health

Ascension president/CEO helps meet global needs in Catholic health care

In 1999, the Daughters of Charity National Health System and Sisters of St. Joseph Health System combined forces and sent a clear message in choosing "Ascension Health" as the name of their new entity.

"We wanted to make a statement that this is not about any particular order but this is about the Catholic Church," said Anthony R. Tersigni, president/CEO of St. Louis-based Ascension, which dropped "Health" from its name in 2012.

Finding a Cure for Carson

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Carson Burroughs loves sports. Mention soccer or baseball, and the 7-year-old lights up with excitement.

"I swing the bat," Carson said, showing off his bat and running around the living room. "I want to hit a home run!"

Carson was diagnosed with Sanfilippo Syndrome at the age of 5. The genetic disease causes progressive dementia in children, because of a lacking enzyme that is meant to break down cellular waste in the brain.

Children’s health insurance program in jeopardy

The Missouri Catholic Conference is urging people to contact the state's U.S. senators and representatives to urge continued funding for the Children's Health Insurance Program (CHIP).

Health care law: uncertain outcome after multiple diagnoses

WASHINGTON — The Affordable Care Act — on the examination table since President Donald Trump came into office — has been poked, prodded and even pronounced dead while the fight to keep it alive keeps going.

President Trump told Cabinet members Oct. 16: "Obamacare is finished. It's dead. It's gone. ... There is no such thing as Obamacare anymore," but that isn't how health-care reformers, including Catholic leaders, see it, and it isn't the general public's view either, according to a recent poll.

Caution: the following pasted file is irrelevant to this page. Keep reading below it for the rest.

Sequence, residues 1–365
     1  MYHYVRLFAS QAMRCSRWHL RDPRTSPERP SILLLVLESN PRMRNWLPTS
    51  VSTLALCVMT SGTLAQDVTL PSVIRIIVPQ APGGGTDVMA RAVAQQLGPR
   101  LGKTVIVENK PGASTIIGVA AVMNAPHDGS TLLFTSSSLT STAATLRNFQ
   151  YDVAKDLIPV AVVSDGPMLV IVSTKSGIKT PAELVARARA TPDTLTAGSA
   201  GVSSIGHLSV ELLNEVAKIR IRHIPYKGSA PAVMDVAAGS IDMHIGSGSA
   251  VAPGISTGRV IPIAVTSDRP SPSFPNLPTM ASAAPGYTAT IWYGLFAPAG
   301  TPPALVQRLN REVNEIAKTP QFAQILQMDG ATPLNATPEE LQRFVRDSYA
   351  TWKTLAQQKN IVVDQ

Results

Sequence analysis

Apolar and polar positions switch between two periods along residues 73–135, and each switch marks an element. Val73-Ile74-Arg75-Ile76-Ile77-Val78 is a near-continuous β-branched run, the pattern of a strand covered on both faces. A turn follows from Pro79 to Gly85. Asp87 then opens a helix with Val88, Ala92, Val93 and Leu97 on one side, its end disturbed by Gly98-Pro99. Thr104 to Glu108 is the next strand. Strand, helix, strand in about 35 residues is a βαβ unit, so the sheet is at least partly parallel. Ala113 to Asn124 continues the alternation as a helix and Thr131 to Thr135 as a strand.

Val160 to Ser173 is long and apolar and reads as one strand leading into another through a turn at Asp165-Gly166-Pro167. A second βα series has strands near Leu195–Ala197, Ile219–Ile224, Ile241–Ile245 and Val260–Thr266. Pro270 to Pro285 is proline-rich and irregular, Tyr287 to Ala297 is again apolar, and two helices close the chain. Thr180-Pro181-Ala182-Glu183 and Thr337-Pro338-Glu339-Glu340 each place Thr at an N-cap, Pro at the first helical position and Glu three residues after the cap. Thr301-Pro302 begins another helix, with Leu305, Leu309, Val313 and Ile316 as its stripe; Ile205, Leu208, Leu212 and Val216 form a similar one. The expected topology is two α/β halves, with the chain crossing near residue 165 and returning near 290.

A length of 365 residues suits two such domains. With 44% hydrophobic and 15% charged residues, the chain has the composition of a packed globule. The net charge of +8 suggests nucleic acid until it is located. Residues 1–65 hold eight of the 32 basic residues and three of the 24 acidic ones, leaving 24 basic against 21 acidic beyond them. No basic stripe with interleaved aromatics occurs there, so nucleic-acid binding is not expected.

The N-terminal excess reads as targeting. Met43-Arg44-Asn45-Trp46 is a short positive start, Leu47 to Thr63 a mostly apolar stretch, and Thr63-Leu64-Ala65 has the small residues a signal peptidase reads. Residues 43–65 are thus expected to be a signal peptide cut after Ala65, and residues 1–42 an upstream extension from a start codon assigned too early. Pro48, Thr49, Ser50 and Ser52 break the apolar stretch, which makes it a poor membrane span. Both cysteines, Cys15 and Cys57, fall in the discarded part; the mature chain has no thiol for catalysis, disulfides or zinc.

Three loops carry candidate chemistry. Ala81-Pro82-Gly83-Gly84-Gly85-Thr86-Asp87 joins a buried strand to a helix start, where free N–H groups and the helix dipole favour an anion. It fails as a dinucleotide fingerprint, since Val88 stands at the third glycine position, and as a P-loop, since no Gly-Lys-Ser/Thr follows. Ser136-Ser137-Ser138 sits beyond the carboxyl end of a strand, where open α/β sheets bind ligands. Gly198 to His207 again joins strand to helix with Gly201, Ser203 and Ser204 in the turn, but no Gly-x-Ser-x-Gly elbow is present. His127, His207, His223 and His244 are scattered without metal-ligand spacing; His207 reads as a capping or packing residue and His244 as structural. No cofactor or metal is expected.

Trump administration expands exemptions on contraceptive mandate

A group of Little Sisters of the Poor joined other women walking down the steps of the U.S. Supreme Court in Washington in 2016 after attending oral arguments in the Zubik v. Burwell contraceptive mandate case.

WASHINGTON — The Trump administration Oct. 6 issued interim rules expanding the exemption to the contraceptive mandate for religious employers, such as the Little Sisters of the Poor, who object on moral grounds to covering contraceptive and abortion-inducing drugs and devices in their employee health insurance.

Leaders of the U.S. Conference of Catholic Bishops praised the action as "a return to common-sense, long-standing federal practice and peaceful coexistence between church and state."

Bp. Dewane: Health care laws must begin and end with human person

Sen. Claire McCaskill, D-Mo., spoke with reporters ahead of a health care vote July 28 on Capitol Hill in Washington. The Senate rejected legislation to repeal parts of the Affordable Care Act.

WASHINGTON — Throughout the summer, while Congress was looking for ways to repeal the Affordable Care Act, the U.S. Catholic bishops have continually reiterated the need to put care for the human person at the forefront of any health care legislation.

"Concern for the human person is our beginning and end point," said Bishop Frank J. Dewane of Venice, Fla., chairman of the U.S. Conference of Catholic Bishops' Committee on Domestic Justice and Human Development, who has issued multiple statements on health care legislation in the past several weeks.

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